Dale Quarterley Endures Tough Race At Holland; Finishes 22nd (Holland, N.Y. - June 25, 2005) - Dale Quarterley had what may have been one of the toughest racing days he's had to get through in some time as he and his 1/4 LEY Racing team had to...
Dale Quarterley Endures Tough Race At Holland; Finishes 22nd
(Holland, N.Y. - June 25, 2005) - Dale Quarterley had what may have been one of the toughest racing days he's had to get through in some time as he and his 1/4 LEY Racing team had to adjust on their Femrouse Chevrolet to work better on the high-banked Holland (N.Y.) International Speedway. Then, after qualifying well, he was forced to start from the rear of the field and from that point he had to deal with a loose car, lots of traffic, and brake problems on his way to a 22nd place finish.
Holland has never treated Quarterley that well in the past, but it looked like Saturday was going to be a change as he was in the top ten fast times after the first practice session. Qualifying saw him take the twelfth starting position, but because of a bizarre twist of events he wasn't allowed to start there.
"We were decent in practice. We've been changing stuff chasing the tire. It's reacting differently everywhere we go so it's a little harder to track than the old tires," he said. "After qualifying I went in the truck to take a nap and the crew guys were getting everything ready when I left. Somehow we missed the time and they left for a minute to go eat, and when the officials went over to tell us to get ready to go out, everybody was gone from the trailer. We were late to come out on the track, so they're going to make me start in the back of the field."
Starting in the back on a track where traffic can bottle a driver up for laps at a time is a recipe to get lapped if a long green-flag run comes along, and that's exactly what happened to Quarterley one-third of the way through the 150-lap event. Brake problems were also becoming a factor, and Quarterley pitted under the next yellow to have those addressed.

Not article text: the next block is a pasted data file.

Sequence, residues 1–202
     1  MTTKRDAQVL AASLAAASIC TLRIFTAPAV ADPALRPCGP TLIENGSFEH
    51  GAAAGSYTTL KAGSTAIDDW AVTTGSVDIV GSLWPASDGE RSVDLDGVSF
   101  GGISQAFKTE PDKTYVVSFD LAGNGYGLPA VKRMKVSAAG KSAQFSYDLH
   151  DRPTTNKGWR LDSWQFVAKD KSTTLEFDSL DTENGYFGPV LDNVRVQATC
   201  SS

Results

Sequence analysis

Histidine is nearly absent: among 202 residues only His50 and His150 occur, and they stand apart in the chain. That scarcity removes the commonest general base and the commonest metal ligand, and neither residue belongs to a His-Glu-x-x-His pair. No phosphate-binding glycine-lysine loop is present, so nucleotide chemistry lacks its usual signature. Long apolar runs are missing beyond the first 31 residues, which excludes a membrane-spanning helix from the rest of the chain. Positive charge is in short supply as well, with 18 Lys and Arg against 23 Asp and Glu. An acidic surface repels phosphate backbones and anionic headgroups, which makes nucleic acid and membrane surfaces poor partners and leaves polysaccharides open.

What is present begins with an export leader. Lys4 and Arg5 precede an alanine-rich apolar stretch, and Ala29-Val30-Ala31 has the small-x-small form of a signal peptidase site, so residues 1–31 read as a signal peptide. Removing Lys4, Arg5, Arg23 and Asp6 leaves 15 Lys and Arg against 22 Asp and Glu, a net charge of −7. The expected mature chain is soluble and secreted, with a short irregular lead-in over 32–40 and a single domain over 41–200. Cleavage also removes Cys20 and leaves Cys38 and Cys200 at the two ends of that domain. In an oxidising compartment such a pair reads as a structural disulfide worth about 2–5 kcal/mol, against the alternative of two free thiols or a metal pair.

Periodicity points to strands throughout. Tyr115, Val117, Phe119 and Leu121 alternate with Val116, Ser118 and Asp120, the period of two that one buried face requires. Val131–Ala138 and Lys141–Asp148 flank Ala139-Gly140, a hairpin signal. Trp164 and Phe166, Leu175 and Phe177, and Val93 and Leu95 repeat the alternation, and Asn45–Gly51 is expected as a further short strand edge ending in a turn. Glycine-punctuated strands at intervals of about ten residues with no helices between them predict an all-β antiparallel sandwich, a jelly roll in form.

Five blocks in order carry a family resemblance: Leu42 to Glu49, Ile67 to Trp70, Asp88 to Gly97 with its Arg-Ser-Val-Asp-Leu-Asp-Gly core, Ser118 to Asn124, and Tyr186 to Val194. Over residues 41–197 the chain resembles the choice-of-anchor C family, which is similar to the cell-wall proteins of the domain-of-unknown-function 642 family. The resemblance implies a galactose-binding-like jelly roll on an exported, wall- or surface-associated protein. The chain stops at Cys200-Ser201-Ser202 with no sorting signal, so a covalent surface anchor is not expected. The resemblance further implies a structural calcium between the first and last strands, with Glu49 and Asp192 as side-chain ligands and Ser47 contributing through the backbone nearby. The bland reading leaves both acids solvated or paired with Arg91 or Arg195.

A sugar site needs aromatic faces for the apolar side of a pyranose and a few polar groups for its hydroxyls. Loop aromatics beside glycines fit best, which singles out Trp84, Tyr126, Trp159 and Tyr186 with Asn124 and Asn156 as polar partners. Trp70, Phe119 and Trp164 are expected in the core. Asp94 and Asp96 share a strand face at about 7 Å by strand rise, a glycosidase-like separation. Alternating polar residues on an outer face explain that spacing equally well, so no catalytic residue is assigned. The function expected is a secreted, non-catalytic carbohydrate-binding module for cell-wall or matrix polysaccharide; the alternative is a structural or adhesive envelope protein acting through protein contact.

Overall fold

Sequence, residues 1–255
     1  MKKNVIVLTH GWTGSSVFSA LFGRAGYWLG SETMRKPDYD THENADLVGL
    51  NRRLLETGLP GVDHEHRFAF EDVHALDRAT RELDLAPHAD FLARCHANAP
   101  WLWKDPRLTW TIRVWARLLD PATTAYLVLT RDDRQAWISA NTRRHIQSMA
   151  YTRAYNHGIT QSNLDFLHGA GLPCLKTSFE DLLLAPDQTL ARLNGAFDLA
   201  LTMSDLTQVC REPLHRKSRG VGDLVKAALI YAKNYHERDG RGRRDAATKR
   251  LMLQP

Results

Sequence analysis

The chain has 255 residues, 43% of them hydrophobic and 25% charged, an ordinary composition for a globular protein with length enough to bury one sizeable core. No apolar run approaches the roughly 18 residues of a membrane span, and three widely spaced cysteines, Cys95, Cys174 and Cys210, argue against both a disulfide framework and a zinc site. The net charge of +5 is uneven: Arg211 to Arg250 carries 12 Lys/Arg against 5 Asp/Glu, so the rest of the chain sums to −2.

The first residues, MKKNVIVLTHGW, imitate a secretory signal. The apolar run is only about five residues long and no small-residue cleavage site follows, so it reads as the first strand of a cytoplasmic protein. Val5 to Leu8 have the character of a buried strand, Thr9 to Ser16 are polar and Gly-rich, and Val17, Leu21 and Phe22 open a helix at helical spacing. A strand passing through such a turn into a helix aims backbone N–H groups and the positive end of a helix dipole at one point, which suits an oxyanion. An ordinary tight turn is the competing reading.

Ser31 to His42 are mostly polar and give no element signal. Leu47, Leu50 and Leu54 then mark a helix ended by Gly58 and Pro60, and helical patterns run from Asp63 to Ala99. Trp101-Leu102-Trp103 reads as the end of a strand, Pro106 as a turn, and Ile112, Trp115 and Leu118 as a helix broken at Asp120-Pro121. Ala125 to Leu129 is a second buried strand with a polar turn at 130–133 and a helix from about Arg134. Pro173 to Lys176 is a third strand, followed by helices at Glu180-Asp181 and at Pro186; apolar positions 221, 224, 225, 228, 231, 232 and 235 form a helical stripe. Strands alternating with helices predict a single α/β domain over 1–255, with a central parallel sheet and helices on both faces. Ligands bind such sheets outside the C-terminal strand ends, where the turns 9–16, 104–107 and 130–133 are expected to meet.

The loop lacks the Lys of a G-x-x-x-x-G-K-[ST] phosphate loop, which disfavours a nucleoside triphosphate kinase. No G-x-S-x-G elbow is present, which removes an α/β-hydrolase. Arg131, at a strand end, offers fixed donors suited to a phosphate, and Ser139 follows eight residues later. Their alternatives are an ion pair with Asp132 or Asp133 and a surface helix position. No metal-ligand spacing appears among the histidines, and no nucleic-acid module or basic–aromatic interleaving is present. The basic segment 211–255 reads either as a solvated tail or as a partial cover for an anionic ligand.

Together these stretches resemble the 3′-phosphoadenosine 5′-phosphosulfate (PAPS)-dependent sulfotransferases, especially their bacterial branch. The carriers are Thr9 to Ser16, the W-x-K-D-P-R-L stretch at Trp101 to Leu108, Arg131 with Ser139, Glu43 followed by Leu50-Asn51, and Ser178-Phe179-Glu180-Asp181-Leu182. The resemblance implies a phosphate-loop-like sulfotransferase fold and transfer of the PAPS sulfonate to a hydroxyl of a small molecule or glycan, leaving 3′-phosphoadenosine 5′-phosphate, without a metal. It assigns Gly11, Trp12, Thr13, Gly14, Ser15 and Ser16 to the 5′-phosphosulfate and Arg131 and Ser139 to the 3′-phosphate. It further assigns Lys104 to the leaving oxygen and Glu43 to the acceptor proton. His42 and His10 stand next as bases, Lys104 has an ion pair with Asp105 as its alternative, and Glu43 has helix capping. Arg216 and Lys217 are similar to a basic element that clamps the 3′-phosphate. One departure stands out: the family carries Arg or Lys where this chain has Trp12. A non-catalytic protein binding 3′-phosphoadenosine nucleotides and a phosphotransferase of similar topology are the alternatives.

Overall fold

"I wasn't going too bad at the beginning, but all of a sudden it was like someone flipped a light switch and it just completely went away," he said. "We just wrestled from then on. Then a brake line started leaking and the brakes started going away, so we figured we had better come in and fix it, we were already a lap down anyway. We had to take our medicine and make sure we didn't hurt the race car any worse than it already was. So we stopped and fixed that and ended up losing another lap or two because of that."
Back on the track, Quarterley ran to the finish of the race, slowed only by a quick spin on lap 129, and was scored in 22nd position.
"Once we got the brakes fixed, the thing ran halfway decent again," he said. "But at that point you can't race anybody, and other guys were trying to move up and get some spots back so I pulled over and let the lead lap cars go by."
While Holland has historically left the 1/4 LEY team scratching their heads, precedent shows that the next time out - at Lake Erie Speedway in two weeks - should be a better race.
"This place killed us last year too," Quarterley said of Holland. "But I remember that we were awful here last year, and then came back and almost won at Lake Erie. The year before it was the same way."